In a marketing campaign created by Y&R, Sao Paolo, Brazil. Ironage, an isotonic sports drink made in Brazil, targeted athletes who constantly strive to exceed their own personal best. In addition to print ads featuring athletes, Y&R promoted the brand strategically in places where customers were most likely to congregate – namely, gyms, parks, and health clubs. There, they introduced vending machines, dubbed “Pulse Machines.” Consistent with the brand’s slogan “Keep Moving,” the machines read the customer’s heart rate with each use. The higher their heart rate, the bigger their discount on a bottle of Ironage. The Pulse Machine challenged the competitive spirit of these athletes and turned them into word-of-mouth promoters of the brand as they compared their pulse readings.
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Argentine architect Andrea Stinga and Colombian graphic designer Federico Gonzalez put together this animated video of globally renowned architects and their most notable work. The minute-and-a-half long video manages to squeeze in a lot of information, including architects and landmarks from around the world. Still, art director Gonzalez apologizes that some legends had to be left out because they only needed one architect per letter of the alphabet. Stinga is a principal in Ombu Architecture, based in Barcelona, Spain. The music soundtrack is “The Butterfly” by Eugene C. Rose and George Ruble.
JWT Brazil let the distinguishing flavors of Caipiroska, the Brazilian drink that is popular worldwide, lead it to the solution for the packaging of Smirnoff’s new beverage. It wrapped each bottle with the texture of the fruit flavor (lime, passion fruit and strawberry) inside and used a diagonal perforation to let customers peel away the outer “skin”. For a select mailing list, JWT even sent packaged Smirnoff Caipiroska sets in wooden produce crates.
The Smirnoff packaging is in the vanguard of integrating textures into print. Today more designers are utilizing the amazing capabilities of dimensional printing and Adobe software to create raster-textured images. No longer do viewers have to imagine the tactile quality of an object, they can actually feel it by running their fingers across a printed sheet. It’s not just movies that are embracing 3-D; the print medium is too.
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Fernando Volken Togni, a 27-year-old designer from Porto Alegre, Brazil, illustrated this series of colorful drawings for Qatar Airways’ Oryx Magazine. Each illustration presents 24-hours in the life of a world-renowned city by presenting iconic scenes of the city through an assemblage of pictograph-style shapes. Togni also expresses each city in a different color palette to convey its cultural uniqueness. Especially when viewed in an international airline magazine, this illustration says a lot without the use of a single word – or the need for translation.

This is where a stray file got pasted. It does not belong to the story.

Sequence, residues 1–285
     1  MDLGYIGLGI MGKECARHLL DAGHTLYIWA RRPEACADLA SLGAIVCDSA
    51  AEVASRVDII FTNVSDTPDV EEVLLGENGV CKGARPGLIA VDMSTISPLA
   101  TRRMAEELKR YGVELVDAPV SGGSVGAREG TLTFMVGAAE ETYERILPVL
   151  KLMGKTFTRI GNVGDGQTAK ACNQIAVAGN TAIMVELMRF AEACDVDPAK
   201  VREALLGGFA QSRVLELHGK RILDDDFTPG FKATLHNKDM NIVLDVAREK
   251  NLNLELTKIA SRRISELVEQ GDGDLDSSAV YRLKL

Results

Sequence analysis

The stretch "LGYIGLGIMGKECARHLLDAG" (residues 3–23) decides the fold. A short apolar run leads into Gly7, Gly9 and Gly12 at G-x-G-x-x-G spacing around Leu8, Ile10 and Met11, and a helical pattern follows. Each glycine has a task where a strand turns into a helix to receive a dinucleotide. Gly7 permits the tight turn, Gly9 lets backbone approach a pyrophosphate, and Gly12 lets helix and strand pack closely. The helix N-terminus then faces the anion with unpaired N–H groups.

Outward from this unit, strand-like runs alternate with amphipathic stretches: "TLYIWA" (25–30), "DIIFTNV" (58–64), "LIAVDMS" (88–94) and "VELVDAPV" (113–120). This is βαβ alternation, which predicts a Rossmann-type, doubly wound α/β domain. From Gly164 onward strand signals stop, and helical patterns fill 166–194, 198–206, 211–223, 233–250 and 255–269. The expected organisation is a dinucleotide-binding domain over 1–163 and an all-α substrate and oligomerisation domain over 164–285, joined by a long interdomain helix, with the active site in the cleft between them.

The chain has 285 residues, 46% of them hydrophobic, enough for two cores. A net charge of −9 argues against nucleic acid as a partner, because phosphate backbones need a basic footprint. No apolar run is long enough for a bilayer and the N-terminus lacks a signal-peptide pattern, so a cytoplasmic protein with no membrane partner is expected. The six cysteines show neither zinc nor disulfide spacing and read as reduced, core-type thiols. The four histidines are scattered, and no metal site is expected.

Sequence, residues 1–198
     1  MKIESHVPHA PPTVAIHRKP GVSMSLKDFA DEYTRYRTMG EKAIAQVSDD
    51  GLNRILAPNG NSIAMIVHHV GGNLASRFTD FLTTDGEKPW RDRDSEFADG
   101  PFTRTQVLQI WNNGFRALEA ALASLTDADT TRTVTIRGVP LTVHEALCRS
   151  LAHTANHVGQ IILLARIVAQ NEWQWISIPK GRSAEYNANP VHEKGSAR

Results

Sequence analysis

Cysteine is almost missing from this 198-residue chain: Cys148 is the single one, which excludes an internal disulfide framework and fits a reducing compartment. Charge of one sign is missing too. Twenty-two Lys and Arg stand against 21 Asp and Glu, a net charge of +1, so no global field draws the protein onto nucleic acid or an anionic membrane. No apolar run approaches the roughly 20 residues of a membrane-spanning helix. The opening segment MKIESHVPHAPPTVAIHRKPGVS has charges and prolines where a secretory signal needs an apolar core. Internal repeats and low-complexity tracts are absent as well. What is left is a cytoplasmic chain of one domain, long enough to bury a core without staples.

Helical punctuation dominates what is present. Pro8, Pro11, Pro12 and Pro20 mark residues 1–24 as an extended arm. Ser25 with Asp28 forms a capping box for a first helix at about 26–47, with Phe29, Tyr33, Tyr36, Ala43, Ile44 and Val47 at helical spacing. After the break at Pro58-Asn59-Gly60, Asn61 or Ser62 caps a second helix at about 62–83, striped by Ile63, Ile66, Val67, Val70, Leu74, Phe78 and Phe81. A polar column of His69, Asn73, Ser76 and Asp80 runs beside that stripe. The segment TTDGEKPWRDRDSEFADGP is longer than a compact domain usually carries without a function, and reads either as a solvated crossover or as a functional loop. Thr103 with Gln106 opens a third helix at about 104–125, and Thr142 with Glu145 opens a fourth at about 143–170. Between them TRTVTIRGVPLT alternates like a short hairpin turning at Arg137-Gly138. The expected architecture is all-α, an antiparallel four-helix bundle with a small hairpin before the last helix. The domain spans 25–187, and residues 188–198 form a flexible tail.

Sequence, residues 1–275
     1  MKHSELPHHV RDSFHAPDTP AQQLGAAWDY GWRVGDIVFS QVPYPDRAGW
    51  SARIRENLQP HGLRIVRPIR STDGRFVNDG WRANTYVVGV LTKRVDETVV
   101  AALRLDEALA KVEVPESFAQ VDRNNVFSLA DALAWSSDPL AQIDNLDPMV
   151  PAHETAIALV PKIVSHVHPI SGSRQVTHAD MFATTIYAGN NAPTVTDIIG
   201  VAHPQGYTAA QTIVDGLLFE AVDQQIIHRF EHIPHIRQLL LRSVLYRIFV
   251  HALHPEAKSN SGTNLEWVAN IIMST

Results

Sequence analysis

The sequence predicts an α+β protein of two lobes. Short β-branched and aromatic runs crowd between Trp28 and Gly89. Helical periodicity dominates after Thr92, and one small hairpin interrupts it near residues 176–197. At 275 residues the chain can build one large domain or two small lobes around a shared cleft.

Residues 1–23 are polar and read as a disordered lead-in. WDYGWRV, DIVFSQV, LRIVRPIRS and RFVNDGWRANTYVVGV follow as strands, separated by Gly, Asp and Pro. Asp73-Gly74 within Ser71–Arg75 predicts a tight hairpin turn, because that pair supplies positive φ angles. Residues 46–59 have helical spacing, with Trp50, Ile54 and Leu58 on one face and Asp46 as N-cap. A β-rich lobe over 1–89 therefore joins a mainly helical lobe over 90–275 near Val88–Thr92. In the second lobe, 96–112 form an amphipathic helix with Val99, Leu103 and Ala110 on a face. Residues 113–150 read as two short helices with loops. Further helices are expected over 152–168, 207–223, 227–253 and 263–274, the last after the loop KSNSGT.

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Whether the trend is being driven by improved automated postal sorting machines or the insatiable demand of stamp collectors for ever-more novel designs is unclear, but lately more nations are issuing commemorative stamps that arouse the urge to lick, sniff and touch.
Austria has been a pioneer in this area. In addition to joining forces with Austria’s famed Swarovski Crystal to create a swan stamp imbedded with bits of real glass crystal, the Austrian post office honored the UEFA European Championship by creating a soccer ball stamp out of a synthetic mix of rubbery polyurethane. To immortalize Andi Herzog’s winning soccer goal in the 1998 World Cup, it put a three-second moving image of the goal on a postage stamp, and to honor simultaneously a native craft and national flora, Austria issued embroidered stamps featuring its Edelweiss and Clusius flowers.
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In January 2007, Sao Paolo, Brazil, did something that would send chills down the spine of most ad agencies. In an effort to rid the city of what the mayor called “visual pollution,” Sao Paolo enacted a Clean City law that banned all billboards and most other large outdoor advertising.
Known as one of the world’s worst billboard jungles, Sao Paolo was rife with illegal billboards and signs. Advertisers had bought up virtually all available street and wall space in the city to hang their gigantic marketing messages. To earn money, some poor residents even sold the front of their homes or space in their gardens to post ad signs. Unable to determine which were legal and which not, the city banned them all.
Since the law went into effect more than 15,000 billboards, 1,600 oversized signs and 1,300 metal ad panels have come down. Strict regulations mandated smaller storefront signage and limited them to hang only above the store entrance and not extend into the street. Even pamphleteering in public spaces was made illegal. Those who didn’t comply faced hefty fines.
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From Almap BBDO in Sao Paolo, Brazil, comes these outdoor poster advertisements for Bayer Aspirin. The inspiration of Almap chief creative director Marcello Serpa, art director Marcos Medeiros and illustrator Jose Cortizo Junior, these lushly drawn “Sanskrit” paintings feature a silhouetted man and woman in the traditional meditative lotus pose, with an aspirin used in place of a mystical “third eye” of calm. Outside the inner circle of serenity are vignette scenes of stress – warring kids pulling apart a teddy bear, a teenager banging on his drum set, a dentist by his empty chair, a worker using a jackhammer, a man rubbing his aching neck. The ad won the 2009 Cannes Lion Bronze for Outdoor advertising. Ohm shanti ohm. May you find peace in a chaotic world.